Nova Scotia

Halifax deck collapse victim blames building owner, city

One of the victims of this weekend's deck collapse in south-end Halifax is blaming the building owner and the Halifax Regional Municipality for the accident.

6 people recovering from injuries after 3rd-floor deck collapsed onto 2nd-floor deck

Building inspectors examined the house where a balcony collapse early Saturday injured six. (CBC)

One of the victims of this weekend's deck collapse in south-end Halifax is blaming the building owner and the Halifax Regional Municipality for the accident.

Kataleen Webb was at a party at a house on Brussels Street and took to social media to describe how she and five other students plummeted 10 metres to the ground.

"My hand went into my thigh and I felt a huge laceration and lots of blood," she wrote in a post on Facebook.

"This happened because of negligence on the building owner's part as well as Halifax and the people who built the balcony."

Webb and five other people are still recovering after the third-storey deck in the backyard came crashing down onto a second-floor deck during a house party.

CBC News has learned that a number of the injured have contacted a law firm and they're considering whether a lawsuit may be appropriate.

On Monday, the home on Brussels Street was guarded by security guards who made sure only tenants got inside the building.

The landlord for the property is Darin Sweet. CBC News has been unsuccessful in its attempts to reach Sweet over the past three days.

Inspectors with the Halifax Regional Municipality visited the scene on Monday. They had little to say after finishing up at the site. The city is reviewing whether the building is safe for occupancy and in the meantime, tenants are still allowed to live there.

Two inspections

According to the municipality's bylaws, homeowners have to seek a permit when they construct a new deck or renovate an existing one. Inspectors examine it twice: once before the deck is built and again after the deck is complete. 

"Those would be the only inspections unless there was a complaint about an issue on site, or if there was a further change to the existing structure," said Tiffany Chase, a spokesperson for the Halifax Regional Municipality.

Prior to 2008, the municipality's inspectors held homeowners to national building code standards during these inspections. In 2008, the Halifax Regional Municipality brought in its own more stringent requirements, which all recently built decks must meet. 

"The ongoing maintenance of those structures and your property as well, really lies with the property owner," said Chase.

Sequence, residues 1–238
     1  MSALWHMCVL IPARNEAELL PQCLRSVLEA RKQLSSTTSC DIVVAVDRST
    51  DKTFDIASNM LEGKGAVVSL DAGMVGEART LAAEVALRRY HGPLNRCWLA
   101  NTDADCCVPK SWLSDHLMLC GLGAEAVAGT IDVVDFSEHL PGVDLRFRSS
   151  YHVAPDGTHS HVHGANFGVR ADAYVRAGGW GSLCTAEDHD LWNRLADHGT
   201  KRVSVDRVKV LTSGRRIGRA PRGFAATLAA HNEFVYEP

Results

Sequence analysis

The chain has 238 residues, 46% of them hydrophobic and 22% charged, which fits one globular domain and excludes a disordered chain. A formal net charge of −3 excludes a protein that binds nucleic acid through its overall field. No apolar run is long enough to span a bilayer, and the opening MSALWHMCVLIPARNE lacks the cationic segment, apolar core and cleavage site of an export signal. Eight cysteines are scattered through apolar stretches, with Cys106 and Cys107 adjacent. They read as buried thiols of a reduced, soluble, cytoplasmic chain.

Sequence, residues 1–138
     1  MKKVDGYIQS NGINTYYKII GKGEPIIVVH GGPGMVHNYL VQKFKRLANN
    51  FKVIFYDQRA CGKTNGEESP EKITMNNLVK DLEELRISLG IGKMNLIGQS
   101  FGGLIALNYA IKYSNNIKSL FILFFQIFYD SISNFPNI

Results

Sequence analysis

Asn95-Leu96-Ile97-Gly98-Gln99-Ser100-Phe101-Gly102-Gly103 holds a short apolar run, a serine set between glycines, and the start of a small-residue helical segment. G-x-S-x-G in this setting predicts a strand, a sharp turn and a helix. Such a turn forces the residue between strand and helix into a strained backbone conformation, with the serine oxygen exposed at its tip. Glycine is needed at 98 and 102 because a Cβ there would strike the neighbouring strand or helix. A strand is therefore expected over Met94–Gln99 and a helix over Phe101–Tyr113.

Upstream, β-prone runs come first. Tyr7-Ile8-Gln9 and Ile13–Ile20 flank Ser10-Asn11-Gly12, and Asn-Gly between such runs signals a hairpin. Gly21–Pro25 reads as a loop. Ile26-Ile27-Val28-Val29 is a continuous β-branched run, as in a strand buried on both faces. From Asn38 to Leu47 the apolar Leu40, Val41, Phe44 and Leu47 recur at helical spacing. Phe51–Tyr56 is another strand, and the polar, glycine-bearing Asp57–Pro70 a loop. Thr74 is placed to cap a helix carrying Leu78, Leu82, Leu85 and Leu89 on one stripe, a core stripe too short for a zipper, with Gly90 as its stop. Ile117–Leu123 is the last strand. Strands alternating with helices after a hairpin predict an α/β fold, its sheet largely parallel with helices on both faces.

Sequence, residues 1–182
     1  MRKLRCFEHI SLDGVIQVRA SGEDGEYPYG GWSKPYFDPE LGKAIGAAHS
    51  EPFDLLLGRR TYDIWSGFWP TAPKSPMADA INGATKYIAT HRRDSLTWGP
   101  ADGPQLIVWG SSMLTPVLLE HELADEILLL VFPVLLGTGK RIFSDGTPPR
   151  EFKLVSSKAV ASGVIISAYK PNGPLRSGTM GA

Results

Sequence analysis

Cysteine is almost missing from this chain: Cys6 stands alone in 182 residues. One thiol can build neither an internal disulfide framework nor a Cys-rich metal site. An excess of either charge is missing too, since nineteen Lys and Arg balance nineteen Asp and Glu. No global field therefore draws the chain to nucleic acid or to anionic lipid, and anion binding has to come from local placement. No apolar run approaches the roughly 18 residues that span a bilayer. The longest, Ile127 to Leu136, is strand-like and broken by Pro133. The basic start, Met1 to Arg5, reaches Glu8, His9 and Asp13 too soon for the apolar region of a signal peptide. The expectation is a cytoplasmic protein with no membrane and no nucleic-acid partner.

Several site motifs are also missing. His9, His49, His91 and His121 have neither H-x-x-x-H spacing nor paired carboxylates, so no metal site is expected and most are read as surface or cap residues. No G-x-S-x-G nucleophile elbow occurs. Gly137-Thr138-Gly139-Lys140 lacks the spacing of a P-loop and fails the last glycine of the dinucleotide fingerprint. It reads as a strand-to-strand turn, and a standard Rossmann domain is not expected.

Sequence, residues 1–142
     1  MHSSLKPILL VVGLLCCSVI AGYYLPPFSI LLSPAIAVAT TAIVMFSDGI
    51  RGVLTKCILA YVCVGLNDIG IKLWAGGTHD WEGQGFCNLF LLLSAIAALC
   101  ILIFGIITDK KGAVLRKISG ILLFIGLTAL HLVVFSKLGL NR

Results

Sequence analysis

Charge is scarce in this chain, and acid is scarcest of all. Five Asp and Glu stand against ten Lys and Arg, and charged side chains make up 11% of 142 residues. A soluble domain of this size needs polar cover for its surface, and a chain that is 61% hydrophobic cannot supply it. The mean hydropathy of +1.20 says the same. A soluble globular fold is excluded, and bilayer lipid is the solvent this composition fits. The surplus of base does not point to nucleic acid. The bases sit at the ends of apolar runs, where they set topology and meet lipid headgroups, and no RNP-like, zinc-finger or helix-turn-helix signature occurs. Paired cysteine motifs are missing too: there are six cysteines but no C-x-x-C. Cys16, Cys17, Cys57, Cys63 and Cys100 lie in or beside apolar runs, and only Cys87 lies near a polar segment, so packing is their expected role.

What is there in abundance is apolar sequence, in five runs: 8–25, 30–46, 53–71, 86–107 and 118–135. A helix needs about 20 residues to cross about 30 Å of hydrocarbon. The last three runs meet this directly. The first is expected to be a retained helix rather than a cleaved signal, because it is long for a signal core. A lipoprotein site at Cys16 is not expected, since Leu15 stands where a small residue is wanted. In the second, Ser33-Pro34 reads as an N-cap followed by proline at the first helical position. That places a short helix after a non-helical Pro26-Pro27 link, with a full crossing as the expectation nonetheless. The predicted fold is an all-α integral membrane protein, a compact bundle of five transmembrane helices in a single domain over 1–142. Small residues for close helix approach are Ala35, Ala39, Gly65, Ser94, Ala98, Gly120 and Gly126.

"We do say that people should make an annual inspection of their own deck on site, and if you're not sure what to look for then you can hire a professional to come in and do that for you."

Ryan Frizzell, a second-year Dalhousie University student who lives a few doors down from the scene, said he was on the phone when he heard screeching and a loud crash. At first he thought it was a car accident.

"I looked outside and there was ambulances all up and down the street, fire trucks, everything," he said.

'Sad state of affairs'

Frizzell didn't know any of the tenants, but he said the incident has shocked the neighbourhood.

Neighbour Ryan Frizzell heard the noise and thought it was a car accident. (CBC)

"People are just trying to have a good time. They've trusted that their landlord, everything's fine in the house," he said. "For something like that to happen, it's awful."

A newspaper clipping from 2002 shows the deck was part of a controversial addition to the original home.

According to court documents and an article by the now defunct Halifax Daily News, there was backlash from neighbours when the owner at the time attempted to turn the house into two apartments.

The issue went to court and the owner was ordered to pay thousands of dollars to the city.

Paul Pettipas, the CEO of the Nova Scotia Home Builders' Association, went to the site on Saturday to see the damage for himself.

"This was a sad state of affairs,” he said Monday.

“In my opinion there was no maintenance done on this deck and the landlord's responsible."

Emma Langlois, who lives in another building where Sweet is the landlord, told CBC News in an email the management company of her property emailed tenants saying they hired a structural engineer to ensure this would not happen again.

"We have no concerns about the safety of anything in our house," she wrote.


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